Amazon has formally petitioned the FAA for permission to test its delivery drones near Seattle as part of its highly publicized push to airlift goods to people’s homes in 30 minutes or less.
The controversial program called “Prime Air” is the brainchild of Chief Executive Officer Jeff Bezos and would use small, unmanned aircraft to zoom purchases to doorsteps. But the drive has generated bitter debate over safety and privacy issues.
The retail giant is currently conducting indoor drone tests. It wants to conduct outdoor runs in the Seattle area, where its research and development labs are located. The company is headquartered in Washington.
Amazon wants to take over your TV. On Wednesday, the company unveiled a $99 set-top box called Amazon Fire TV. The device will start shipping immediately.
The huge Internet retailer showed off its latest piece of hardware— a device “thinner than a dime” that connects televisions to streaming video services like Netflix, Hulu and of course, Amazon’s own video streaming service.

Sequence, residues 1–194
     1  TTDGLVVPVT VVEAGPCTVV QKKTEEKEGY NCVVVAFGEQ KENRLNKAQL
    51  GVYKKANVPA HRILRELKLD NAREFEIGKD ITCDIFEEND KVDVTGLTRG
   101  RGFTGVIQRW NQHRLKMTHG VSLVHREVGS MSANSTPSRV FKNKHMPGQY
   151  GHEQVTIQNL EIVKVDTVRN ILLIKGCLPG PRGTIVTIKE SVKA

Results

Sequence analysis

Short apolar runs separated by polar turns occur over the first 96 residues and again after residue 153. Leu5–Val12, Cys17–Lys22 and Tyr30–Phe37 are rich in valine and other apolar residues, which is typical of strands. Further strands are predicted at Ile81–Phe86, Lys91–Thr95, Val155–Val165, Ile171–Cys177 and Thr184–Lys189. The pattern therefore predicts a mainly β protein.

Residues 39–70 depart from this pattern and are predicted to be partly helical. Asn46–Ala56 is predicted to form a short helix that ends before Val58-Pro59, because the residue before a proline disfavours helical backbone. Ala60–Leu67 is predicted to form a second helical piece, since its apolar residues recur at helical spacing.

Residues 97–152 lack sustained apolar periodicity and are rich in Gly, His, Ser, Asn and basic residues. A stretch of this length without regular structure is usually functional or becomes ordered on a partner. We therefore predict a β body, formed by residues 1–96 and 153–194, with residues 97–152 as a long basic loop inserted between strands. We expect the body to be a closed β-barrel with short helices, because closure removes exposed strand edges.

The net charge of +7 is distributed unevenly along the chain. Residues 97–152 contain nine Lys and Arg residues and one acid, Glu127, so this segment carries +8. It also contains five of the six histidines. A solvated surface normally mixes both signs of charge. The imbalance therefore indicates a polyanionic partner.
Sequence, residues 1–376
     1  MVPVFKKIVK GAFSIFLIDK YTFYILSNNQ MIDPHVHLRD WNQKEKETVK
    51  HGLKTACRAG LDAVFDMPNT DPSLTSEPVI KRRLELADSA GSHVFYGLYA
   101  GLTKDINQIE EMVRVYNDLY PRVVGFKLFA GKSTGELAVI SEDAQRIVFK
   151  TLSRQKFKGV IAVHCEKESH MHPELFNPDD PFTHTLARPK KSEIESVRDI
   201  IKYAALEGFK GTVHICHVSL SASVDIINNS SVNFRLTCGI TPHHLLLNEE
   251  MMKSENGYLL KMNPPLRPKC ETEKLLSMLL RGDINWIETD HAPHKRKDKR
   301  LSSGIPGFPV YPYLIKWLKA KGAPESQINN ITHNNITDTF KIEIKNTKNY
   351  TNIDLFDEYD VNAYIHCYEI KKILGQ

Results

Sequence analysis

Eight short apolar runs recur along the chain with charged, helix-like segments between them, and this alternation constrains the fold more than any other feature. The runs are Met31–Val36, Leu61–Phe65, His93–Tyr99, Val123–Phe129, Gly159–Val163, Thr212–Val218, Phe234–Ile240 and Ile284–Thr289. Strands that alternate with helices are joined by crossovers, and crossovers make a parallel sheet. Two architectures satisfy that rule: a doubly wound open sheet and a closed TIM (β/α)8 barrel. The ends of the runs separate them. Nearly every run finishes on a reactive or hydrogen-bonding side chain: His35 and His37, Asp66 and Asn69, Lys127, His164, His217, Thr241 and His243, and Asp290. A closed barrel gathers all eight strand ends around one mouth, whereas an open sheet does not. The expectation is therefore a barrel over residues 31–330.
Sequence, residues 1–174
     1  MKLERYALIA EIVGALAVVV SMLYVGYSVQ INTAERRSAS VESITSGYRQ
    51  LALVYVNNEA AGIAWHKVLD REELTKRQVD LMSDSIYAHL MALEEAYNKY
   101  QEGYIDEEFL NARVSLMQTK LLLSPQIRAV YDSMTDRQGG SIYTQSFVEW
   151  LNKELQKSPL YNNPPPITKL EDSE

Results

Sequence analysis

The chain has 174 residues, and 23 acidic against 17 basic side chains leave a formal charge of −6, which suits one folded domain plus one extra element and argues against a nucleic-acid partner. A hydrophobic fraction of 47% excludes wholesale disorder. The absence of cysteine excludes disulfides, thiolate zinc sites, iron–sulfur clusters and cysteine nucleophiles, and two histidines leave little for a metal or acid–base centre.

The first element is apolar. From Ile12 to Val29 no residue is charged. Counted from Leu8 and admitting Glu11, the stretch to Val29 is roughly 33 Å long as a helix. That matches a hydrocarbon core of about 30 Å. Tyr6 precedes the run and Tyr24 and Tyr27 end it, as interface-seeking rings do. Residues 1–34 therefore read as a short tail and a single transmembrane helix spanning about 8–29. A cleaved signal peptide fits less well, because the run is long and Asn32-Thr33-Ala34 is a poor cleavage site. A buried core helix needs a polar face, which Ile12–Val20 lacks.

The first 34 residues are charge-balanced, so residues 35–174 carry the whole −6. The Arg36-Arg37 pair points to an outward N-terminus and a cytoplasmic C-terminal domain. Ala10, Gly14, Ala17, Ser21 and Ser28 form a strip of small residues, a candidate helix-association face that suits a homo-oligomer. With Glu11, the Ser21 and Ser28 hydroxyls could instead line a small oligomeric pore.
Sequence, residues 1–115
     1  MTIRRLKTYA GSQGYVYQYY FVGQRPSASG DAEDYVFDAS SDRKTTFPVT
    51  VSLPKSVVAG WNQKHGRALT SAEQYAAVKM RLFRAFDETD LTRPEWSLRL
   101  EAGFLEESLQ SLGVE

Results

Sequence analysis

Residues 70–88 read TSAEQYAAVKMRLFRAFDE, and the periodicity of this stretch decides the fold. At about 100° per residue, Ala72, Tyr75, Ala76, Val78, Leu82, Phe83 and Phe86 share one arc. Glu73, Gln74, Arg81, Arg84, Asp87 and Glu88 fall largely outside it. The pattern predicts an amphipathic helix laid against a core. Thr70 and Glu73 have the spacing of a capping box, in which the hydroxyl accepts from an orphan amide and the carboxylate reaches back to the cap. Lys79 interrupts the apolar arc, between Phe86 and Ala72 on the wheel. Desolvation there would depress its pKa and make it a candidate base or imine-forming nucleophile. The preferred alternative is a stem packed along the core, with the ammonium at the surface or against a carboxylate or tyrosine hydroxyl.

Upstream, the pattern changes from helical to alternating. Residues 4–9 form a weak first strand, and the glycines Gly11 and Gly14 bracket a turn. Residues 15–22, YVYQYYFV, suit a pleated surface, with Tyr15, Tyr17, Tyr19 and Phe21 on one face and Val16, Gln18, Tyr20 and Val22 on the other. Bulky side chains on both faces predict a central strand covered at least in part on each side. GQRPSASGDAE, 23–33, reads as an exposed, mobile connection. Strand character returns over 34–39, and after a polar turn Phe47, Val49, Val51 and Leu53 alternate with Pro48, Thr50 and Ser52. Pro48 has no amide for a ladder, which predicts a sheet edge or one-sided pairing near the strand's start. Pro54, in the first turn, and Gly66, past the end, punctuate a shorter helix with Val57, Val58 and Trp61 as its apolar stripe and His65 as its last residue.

“We need to invent and simplify on behalf of customers,” Peter Larsen, Amazon’s vice president of Kindle, said to a group of journalists and analysts in Manhattan’s Chelsea neighborhood. “When we looked at the living room we took the same approach. How do we make the complexity disappear?”
Fire TV also comes with a “small, elegant” remote and is connected via Bluetooth, which “really helps to make it disappear,” Larsen said. The device itself will fit underneath or behind your TV.